The Four Remembrances

Tara Brach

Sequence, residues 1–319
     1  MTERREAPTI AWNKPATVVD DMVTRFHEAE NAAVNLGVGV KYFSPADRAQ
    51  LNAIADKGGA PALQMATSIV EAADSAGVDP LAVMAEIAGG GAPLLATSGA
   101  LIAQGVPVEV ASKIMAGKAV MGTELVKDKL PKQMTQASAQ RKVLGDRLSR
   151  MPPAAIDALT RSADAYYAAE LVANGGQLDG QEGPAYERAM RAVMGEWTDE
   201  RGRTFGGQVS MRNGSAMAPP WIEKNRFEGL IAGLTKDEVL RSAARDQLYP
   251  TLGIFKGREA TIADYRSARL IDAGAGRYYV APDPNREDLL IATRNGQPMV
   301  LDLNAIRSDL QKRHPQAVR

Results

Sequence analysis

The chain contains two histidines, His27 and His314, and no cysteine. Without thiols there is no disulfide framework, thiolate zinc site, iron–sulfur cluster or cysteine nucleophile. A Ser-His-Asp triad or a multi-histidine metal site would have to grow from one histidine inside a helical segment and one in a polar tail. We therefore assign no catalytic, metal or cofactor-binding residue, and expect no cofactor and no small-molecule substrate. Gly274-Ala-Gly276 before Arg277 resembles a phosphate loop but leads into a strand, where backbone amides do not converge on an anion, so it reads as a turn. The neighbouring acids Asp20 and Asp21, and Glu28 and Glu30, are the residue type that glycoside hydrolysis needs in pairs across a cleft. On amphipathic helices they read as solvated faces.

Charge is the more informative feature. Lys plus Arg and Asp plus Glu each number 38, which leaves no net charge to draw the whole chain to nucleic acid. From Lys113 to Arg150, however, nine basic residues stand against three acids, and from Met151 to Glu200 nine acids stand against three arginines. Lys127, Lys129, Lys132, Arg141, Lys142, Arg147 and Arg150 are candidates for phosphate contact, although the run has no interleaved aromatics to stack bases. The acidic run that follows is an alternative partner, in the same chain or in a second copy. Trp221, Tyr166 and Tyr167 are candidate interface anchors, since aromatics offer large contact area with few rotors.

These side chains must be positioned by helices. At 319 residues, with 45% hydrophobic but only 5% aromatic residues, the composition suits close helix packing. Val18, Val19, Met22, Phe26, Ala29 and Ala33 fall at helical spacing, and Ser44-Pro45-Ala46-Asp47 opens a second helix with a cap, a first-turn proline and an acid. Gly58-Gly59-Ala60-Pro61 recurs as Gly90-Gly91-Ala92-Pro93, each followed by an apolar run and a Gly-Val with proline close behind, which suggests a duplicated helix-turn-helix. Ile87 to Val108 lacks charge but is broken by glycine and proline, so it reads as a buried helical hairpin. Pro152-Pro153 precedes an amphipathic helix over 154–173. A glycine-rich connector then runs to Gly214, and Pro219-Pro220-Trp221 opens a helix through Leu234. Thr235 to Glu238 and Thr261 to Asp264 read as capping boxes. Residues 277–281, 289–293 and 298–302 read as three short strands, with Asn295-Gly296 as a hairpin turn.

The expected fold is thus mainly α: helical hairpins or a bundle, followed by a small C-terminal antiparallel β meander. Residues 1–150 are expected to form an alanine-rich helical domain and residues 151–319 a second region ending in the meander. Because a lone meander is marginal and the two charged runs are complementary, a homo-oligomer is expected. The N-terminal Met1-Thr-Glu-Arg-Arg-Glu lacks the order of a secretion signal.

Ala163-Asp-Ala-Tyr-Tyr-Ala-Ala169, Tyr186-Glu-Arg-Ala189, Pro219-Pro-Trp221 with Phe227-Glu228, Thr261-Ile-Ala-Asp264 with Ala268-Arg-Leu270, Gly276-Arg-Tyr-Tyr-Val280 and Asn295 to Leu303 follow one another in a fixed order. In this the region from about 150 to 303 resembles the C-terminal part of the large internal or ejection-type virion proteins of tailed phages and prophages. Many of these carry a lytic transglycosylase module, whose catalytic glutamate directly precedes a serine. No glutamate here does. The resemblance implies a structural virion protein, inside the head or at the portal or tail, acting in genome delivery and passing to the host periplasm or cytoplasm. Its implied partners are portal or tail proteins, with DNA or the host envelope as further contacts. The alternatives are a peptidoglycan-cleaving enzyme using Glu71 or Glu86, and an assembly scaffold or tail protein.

NAMA. Stan welcome. When I was in college many many many many decades ago. i. read the series of books that were written by Carlos Causton Yada about the Shaman Don, I know many of you. are familiar with them and had many takeaways but perhaps the most memorable. was built into this little quote right here. The Shaman Don Juan's teaching. How can anyone feel so important when we know that death the stocking us the thing to do when you're impatient. is to turn to your left and ask advice from your. An immense amount of pettiness dropped if you're death makes a gesture to are if you catch a glimpse of it. Are Few just have the feeling that your companion is there watching you. And A men's amount of pettiness dropped if you're death makes a gesture. So, this notion of death as an adviser is one that really actually goes through many many spiritual traditions. It's the wisdom of impermanent. and. When we open to remembering the truth that the slice of life is a flash, it's coming and going our perspective shifts in a very dramatic and usually very, very wholesome way. All pettiness falls away. And I was reminded of this. Recently I was Jonathan we're having dinner with a couple and one and one of them. The man said that he asked himself most days. How would today be different if I asked advice for my dad? What would I remember? What would be important today and he's just use that as one of his daily practices. And I think it's a really powerful one if we say, well, how would The rest of this day. If we really were paying attention to the reality that this life is command going and we don't know when. So, typically, we don't remember to tap into that wisdom we get into what I often call that that daily per transfer. Our concerns are way way narrow way small. Some years ago I saw this cartoon and it's got a graveyard and the bubble that you're reading coming up from under the ground. and. It says, Hey, I, think I finally decide what to do with my life. This is the caption pushes the late. Envelope to exciting new levels. Remembering what matters? So it's an all wisdom traditions, but I know that Since since college and it's deepened from in growing up that the more that I am. Intimately a radically sensing. Okay. This body mind is here now and it's going. Really the more I open to love. There's a there's a direct correlation to remembering death an opening to love. And it came clear in a certain way. When I was at a meditation retreat with harm and I went with a very dear friend and we had both been quite busy in our lives and we're thrilled that we're GONNA be able to take off a weekend and go to this retreat that was only a few hours away Virginia. And it was a lovely retreat. At the end of it took not Han it everybody get into pairs. buddied up with my Louisa, WHO's happens to be a teacher in our community here and he said, okay. Now, what the first thing to do is to bow and say Nam Nam Astaire's means I, see the the divine, the later or the sacred in you. So we did that then he said, hug each others who are hugging each other and he said now on the first breath as you're breathing reflect I'm going to die. I'M GONNA die in the second breath you're GonNa die you're. And then on the third and we have just these precious moments together. So. We did that we looked at each other and there was a level of. Presence and intimacy and love that was so fresh. It was so fresh. It was not an idea about loving. There were no barriers there was just in the face of hey. We've got these moments. The the loving that was always there just manifested in its full flesh. So love and presence in death and I don't think that at all as grim. into the slightest are at all as. You Know Morose. It's. It's really. The whole spiritual path is one of remembering and forgetting you've probably noticed. That we, we get inspired we get in touch with something we quiet down, we sent some wonders beauty or some tenderness. Oh. Yeah. This is why I do this stuff.

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